I’ve enjoyed Adagio ever since we got him (a little over a year ago), but in recent weeks my affection for him has been building. Maybe part of it is losing Tucker. But Adagio also has reached a stage where he’s almost pure pleasure to live with. He wakes up in the morning bursting with happiness; happy to go for a walk or (if he’s very lucky) run around the nearby field for a short spell. Then he settles down, mostly snoozing throughout the day but ready to venture out if an opportunity arises. He does almost nothing wrong. We have a few things to work on to prepare him for a life of service — getting him to better ignore other dogs on the street; extending the time when he reliably stays down on command. But we’ve been relishing the thought of having until November 1 to work on these things.
That’s the date we were told he would have to be turned in for advanced training. (CCI includes this information in the paperwork, when they deliver each baby dog to its puppy-raiser.) By November 1, Adagio will be less than two weeks from his second birthday — a little older than most of the other CCI pups we’ve raised. I was aware that sometimes this “turn-in” date gets pushed forward, but I shoved that possibility from my mind. Then last week I received an email from the puppy program administrators at our local CCI training center. Adagio’s new turn-in date would be August 9, it announced. “Thank you so much for your flexibility! Rest assured that in the past dogs have turned in at a younger age. If your turn in was moved sooner, this change of a few months is not significant in relation to their potential success!”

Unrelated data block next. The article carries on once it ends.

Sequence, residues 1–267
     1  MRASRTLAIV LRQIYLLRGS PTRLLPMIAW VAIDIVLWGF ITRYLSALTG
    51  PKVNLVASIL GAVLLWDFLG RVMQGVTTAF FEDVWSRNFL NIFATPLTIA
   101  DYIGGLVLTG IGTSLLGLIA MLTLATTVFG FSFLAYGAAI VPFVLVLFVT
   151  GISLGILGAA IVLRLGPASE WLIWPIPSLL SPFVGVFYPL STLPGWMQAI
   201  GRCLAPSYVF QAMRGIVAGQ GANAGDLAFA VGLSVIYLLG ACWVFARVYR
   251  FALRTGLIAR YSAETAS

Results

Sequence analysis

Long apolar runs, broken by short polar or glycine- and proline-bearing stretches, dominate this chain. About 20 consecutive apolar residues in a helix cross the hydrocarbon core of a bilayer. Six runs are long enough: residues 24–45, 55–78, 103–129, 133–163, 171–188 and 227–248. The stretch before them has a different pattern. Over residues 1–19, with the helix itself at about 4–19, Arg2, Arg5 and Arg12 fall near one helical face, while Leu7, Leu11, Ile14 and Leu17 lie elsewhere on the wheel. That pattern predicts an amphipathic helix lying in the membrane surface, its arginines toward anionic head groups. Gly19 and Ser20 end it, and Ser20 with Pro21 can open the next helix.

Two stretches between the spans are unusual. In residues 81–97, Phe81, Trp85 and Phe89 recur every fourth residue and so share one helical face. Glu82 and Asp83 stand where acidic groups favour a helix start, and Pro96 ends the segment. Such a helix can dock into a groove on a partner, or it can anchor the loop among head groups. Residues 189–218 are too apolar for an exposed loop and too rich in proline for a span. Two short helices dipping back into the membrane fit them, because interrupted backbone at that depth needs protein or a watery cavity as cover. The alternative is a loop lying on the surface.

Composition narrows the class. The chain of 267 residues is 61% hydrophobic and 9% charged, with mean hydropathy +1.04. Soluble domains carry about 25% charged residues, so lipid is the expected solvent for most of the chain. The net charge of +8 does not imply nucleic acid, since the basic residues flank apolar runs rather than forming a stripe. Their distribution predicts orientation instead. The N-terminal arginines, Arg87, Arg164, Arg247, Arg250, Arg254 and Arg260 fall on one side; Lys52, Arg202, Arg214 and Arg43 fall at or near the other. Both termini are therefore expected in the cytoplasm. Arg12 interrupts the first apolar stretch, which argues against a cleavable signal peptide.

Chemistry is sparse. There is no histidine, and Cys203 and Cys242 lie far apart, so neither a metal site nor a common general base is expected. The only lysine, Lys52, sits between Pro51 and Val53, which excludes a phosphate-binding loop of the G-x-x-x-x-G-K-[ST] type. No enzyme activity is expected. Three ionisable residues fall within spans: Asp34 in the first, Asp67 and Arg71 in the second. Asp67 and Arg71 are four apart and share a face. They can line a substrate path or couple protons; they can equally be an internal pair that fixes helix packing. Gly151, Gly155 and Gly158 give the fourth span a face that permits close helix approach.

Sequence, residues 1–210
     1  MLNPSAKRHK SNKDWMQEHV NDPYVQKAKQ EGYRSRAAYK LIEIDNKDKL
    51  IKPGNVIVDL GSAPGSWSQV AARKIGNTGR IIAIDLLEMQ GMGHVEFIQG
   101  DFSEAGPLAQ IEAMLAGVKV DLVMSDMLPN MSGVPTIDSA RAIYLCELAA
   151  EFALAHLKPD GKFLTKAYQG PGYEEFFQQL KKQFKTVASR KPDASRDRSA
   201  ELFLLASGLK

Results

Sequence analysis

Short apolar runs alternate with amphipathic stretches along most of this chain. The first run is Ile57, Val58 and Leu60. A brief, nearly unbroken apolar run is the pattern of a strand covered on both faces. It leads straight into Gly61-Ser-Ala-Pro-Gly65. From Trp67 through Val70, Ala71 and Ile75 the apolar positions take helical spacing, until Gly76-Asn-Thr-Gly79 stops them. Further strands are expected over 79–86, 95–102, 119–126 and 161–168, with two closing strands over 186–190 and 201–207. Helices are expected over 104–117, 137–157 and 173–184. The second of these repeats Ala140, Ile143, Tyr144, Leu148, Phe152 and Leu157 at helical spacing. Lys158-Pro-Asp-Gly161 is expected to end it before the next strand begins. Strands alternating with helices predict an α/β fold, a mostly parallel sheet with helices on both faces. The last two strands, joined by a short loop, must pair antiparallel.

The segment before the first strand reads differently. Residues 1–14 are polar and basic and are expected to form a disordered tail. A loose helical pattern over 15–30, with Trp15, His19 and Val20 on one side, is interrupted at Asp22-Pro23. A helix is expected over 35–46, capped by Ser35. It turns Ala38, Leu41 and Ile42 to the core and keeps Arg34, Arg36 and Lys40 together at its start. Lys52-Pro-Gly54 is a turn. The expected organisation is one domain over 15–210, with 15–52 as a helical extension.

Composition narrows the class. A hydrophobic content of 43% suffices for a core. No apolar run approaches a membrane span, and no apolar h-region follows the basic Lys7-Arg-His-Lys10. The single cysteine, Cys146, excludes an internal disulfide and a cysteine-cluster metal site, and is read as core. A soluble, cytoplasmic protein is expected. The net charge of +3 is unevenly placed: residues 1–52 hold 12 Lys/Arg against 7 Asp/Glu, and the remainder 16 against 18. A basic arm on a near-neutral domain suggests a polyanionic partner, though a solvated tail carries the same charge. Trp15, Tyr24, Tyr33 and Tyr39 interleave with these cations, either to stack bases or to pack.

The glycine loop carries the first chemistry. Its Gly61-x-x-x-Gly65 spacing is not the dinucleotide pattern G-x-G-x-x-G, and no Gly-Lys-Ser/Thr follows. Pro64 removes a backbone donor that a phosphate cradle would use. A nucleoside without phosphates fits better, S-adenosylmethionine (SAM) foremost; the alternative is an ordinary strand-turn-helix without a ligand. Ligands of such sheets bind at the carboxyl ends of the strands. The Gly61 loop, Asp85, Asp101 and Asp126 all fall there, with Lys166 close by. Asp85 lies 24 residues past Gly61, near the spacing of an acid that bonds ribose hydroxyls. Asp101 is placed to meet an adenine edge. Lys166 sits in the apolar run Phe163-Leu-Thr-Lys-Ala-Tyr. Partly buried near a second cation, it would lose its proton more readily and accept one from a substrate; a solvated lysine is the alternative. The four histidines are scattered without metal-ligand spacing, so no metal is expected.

At a couple of gatherings with other puppy-raisers, I soon learned that Adagio was not the only puppy who’s been moved up. His sister, Apple, has too, along with two other dogs close to Adagio’s age. Most of their puppy-raisers seemed more blasé about the news than us; they’d been half-expecting it. But Steve and I felt crushed to have three months less of life with Adagio. We love him!
As if to remind me that he hasn’t yet reached absolute perfection, Steve found this on Adagio’s bed yesterday afternoon:
Those are the mangled fragments of a set of earphones. Happily, Adagio found them in Steve’s garbage can. They’d stopped working, and Steve had discarded them. So no real harm was done. Still, the difference between stealing earphones from the trash or stealing something like that from a desk is close enough to remind us we’re not done with the task of civilizing him. We just have three months less to do it.